In recent years, cybercriminals have been increasingly fixated on our phones. After all, we never part company with our smartphones; they are our primary means for storing personal docs and photos, communicating, and taking pictures. We even use them as tickets and wallets, and much more besides.
They also store oodles of valuable data that can fetch a handsome reward in certain quarters. And mobile devices are excellent for other malicious purposes as well. So there’s no shortage of smartphone malware out there.
Last year we caught 42.7 million pieces of malware on smartphones and tablets. For this series on mobile malware, we divided them into several types according to purpose and behavior. In part one, we look at three fairly common types.
Adware: Ad clickers and intrusive banners
One of the most common types of mobile infection comes in the shape of adware. Its task is to increase the number of clicks on online banners either automatically or manually (by exploiting users). Some just show you unwanted advertising.
In the first case, you don’t even see the ad, but the clicker uses up your smartphone’s resources, including battery charge and data. The infected smartphone dies in just a few hours, and the next bill may hold an unpleasant surprise.
The second type of adware replaces online banners with the ones of its own, and drowns the user in so many ads that, like it or not, they end up following some links. In many cases, the flow of spam is so overwhelming that the device becomes impossible to use — everything is smothered with ad banners.
Some malware also collects information about your online habits without asking. This data then ends up in the hands of advertisers, who use it to fine-tune their advertising campaigns. What’s more, banners can link to malicious sites where your device might pick up something even worse.
SMS and Web subscribers
The second type of malware we discuss today is subscribers, also known as Trojan clickers. Their job is to steal data from your mobile account, where thievery is much simpler because it bypasses card numbers, which tend to be under tighter guard. The funds flow out through WAP or SMS billing, and in some cases through calls to premium numbers at the victim’s expense.
See here for details of what WAP is and how cybercriminals exploit it. To take out a paid subscription in your name, all the WAP clicker needs do is click on the relevant button on the site. SMS malware requires permission to send messages, but many users give it to any app without a second thought. Programs that waste your money on IP telephony have a slightly harder task: They have to register an account with the service.
A striking example of a subscriber is the Trojan Ubsod. This pest is a WAP specialist. To conceal its activity for as long as possible, it deletes all SMS messages containing the text string “ubscri” (a fragment of the word “subscribe” or “subscription”). Moreover, it can switch from Wi-Fi to mobile Internet, which is required for WAP operations.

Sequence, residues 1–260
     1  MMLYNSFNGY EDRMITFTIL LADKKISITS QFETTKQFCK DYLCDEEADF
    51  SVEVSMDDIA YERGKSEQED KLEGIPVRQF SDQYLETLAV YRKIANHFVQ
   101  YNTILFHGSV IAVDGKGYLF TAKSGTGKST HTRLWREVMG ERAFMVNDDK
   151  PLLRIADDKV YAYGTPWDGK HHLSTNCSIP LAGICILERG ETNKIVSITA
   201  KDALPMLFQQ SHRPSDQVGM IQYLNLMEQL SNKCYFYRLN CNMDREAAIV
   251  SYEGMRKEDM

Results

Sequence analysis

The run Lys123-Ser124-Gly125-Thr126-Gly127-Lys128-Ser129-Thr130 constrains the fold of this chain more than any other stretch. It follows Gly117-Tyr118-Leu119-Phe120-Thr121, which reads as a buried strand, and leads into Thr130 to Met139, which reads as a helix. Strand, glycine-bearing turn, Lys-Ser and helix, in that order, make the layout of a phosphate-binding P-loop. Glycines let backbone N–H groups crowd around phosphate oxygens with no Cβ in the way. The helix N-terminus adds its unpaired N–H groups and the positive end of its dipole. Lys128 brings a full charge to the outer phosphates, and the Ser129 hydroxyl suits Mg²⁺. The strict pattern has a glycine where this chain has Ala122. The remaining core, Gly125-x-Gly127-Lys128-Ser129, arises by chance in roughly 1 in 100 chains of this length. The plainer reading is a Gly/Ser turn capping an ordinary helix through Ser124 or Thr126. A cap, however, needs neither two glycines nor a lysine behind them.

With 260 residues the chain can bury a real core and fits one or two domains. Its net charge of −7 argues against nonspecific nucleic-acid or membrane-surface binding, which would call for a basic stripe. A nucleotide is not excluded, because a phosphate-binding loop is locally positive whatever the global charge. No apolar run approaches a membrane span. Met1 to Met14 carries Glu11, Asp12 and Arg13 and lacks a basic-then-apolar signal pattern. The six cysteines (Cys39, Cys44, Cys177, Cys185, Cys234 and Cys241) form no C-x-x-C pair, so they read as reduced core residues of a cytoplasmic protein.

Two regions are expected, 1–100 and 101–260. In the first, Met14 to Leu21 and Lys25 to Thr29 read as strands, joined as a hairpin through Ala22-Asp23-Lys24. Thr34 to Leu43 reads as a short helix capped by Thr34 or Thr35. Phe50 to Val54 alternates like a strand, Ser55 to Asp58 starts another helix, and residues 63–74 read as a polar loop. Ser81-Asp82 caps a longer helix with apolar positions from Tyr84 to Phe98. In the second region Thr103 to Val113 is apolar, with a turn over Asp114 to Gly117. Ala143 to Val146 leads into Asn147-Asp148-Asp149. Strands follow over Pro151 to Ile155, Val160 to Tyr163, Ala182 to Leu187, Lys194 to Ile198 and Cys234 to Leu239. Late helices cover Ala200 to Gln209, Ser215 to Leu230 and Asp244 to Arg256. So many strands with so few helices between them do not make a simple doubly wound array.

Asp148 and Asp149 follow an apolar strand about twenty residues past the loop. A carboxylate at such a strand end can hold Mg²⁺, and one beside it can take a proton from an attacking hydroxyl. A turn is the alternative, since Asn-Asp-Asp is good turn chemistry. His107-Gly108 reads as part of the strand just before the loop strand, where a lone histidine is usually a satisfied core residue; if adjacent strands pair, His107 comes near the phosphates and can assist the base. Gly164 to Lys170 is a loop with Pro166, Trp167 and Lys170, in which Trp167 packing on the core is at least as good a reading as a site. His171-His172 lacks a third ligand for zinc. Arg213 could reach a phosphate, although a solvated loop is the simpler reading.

Fortunately, getting rid of unwanted subscriptions isn’t complicated; all subscriptions are displayed in the user’s personal account on the operator’s website. There, you can delete them and even forbid new ones from being linked to the phone number (though in some cases such a block can be imposed only temporarily). The main thing is to notice money leaking from your account as early as possible to prevent a deluge.
SMS flooders and DDoSers
These two categories combine malware that instead of downloading, sends data — lots of data! And they do it on the sly without requesting permission. Scammers are able to make a pretty penny from ruining other people’s lives at your expense.
As such, SMS flooding is often used by hooligans to tease their victims or disable their devices. A user can willingly install a flooding app on his or her device to swamp their enemies with thousands of SMS messages. But many go further and try to send messages at others’ expense, surreptitiously planting the malicious app on the devices of unsuspecting owners.
DDoSers are able to overwhelm not only smartphones, but also far more powerful devices and even major online resources. Cybercriminals do so by combining infected gadgets into a network, known as a botnet, and bombarding a victim with requests from it. Incidentally, clickers can also act as DDoSers when trying to open the same Web page countless times.
Both flooders and DDoSers try to use your smartphone to harm third parties. But you too will suffer from the load on your device’s battery and processor, not to mention your wallet. Typically, such programs are not widely distributed, but in July 2013, the SMS flooder Didat made it into the Top 20 malicious programs sent by e-mail.
The further you get, the harder the going
To be honest, the types of mobile miscreants we’ve covered today are small fries. At worst, they’ll siphon off a bit of cash from your phone account and frazzle your nerves. In any event, many of them are easy to detect and remove with the help of antivirus software.
In the chapters to come, we’ll discuss some villains higher up in the pecking order. Keep track of updates and remember the rules of mobile security:
- Don’t install apps from third-party sources, or better still, block them in the operating system settings!
- Keep your mobile OS and all installed apps updated to the latest versions.
- Protect all of your Android devices with a mobile antivirus solution
- Regularly check the list of paid services in your personal account with your mobile operator and disable anything that you didn’t subscribe to yourself. If you see a subscription you don’t recognize, immediately scan the entire device for viruses.
- Always read the list of permissions requested by an app, and grant only what’s absolutely essential.